3. Impact Analysis: The study predicts the impacts of the project, and evaluates their importance. Typically carried out by experts appointed by project developers.

  4. Mitigation: Recommends efforts to reduce or offset negative effects. Also includes safety and disaster management plans.

  5. Reporting: Presentation of the analysis to authorities and other stakeholders

  6. Review: Evaluation of the quality of the report. Carried out in India by the Impact Assessment Agency

  7. Decision-Making: Relevant authorities either accept, reject, or suggest changes to the proposal

  8. Post-Monitoring: After approval, ensures compliance of the project to the EIA and legal standards

Due to the technical and field expertise required in impact analysis and mitigation, project developers often employ environmental consultancies for EIAs. But as can be seen above, the entire process involves many more steps and parties. Successful execution hinges on participation from all of the experts, developers, concerned public, and review and permitting authorities. This is crucial to ensure that the exercise actually achieves its goal of environmental stewardship and social balance.

What an EIA is Not

While EIAs are a highly useful tool and have achieved worldwide adoption, it is important to remember that they are superficial analyses done for permitting. EIAs must be detailed but not prohibitively long and expensive. Hence, they often overlook the long-term and second-order effects of projects. Unlike a comprehensive life-cycle analysis (LCA), EIAs don’t usually consider the impact of resource extraction for project raw material; the study may not cover the entire supply chain. Depth of analysis tends to be a discretionary decision, and since project proponents organise EIAs, they could have the ability to choose shallow analysis. As a result, these studies have less validity outside the permitting process.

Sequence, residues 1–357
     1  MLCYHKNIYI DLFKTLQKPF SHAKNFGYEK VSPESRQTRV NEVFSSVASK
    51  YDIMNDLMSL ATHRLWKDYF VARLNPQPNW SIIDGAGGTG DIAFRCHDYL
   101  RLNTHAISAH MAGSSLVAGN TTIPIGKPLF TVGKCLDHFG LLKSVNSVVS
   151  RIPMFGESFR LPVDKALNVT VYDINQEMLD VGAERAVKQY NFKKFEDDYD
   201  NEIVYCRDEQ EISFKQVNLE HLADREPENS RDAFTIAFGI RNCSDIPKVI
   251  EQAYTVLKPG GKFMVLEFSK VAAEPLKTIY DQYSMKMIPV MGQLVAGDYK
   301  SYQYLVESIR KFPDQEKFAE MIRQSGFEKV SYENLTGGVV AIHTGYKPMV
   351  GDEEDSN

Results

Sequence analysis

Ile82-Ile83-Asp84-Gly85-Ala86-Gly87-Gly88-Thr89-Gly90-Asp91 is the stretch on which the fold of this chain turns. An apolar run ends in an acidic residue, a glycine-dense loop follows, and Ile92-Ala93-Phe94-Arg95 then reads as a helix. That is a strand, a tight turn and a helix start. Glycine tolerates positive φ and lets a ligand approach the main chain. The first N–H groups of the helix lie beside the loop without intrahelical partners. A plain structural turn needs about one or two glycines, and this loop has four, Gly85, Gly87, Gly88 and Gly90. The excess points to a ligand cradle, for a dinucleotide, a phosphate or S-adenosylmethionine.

EIAs are often criticized for taking place too late in the project planning process. They are conducted after plans are fleshed out or even after starting construction. Incorporating significant change or redesign at this point can be time-consuming, costly, and can require renewed permitting. As a result, EIAs are often designed to be a justification for the current project design rather than a genuine evaluation of its impact and merits.

Another criticism of EIAs is that the narrow focus and time-bound nature of the process prevent it from adequately incorporating sustainability concerns beyond ecological impact. Truly sustainable development would follow an informed, holistic approach to the progress of a region. Simply permitting projects through individual EIAs does not achieve this, and this has inspired other tools such as the Strategic Environmental Assessment. The SEA is a proactive, broad-scope tool that is not bound to one project. Rather, it uses analyses to guide decision-making on long-term plans and policies for the development of a region. SEAs and EIAs can be used in conjunction for well-supported planning and execution of development.